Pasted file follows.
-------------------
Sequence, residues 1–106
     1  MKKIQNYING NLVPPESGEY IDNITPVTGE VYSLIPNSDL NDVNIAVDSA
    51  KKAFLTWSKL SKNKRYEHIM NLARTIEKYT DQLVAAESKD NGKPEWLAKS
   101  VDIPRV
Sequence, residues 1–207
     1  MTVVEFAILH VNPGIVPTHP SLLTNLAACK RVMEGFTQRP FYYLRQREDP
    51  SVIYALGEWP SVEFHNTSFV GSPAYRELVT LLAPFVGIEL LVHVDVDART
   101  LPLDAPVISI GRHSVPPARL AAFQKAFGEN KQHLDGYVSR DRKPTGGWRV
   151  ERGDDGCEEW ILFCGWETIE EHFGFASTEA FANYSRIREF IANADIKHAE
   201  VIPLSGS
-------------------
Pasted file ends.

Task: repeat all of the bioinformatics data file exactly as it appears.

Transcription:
Sequence, residues 1–106
     1  MKKIQNYING NLVPPESGEY IDNITPVTGE VYSLIPNSDL NDVNIAVDSA
    51  KKAFLTWSKL SKNKRYEHIM NLARTIEKYT DQLVAAESKD NGKPEWLAKS
   101  VDIPRV
Sequence, residues 1–207
     1  MTVVEFAILH VNPGIVPTHP SLLTNLAACK RVMEGFTQRP FYYLRQREDP
    51  SVIYALGEWP SVEFHNTSFV GSPAYRELVT LLAPFVGIEL LVHVDVDART
   101  LPLDAPVISI GRHSVPPARL AAFQKAFGEN KQHLDGYVSR DRKPTGGWRV
   151  ERGDDGCEEW ILFCGWETIE EHFGFASTEA FANYSRIREF IANADIKHAE
   201  VIPLSGS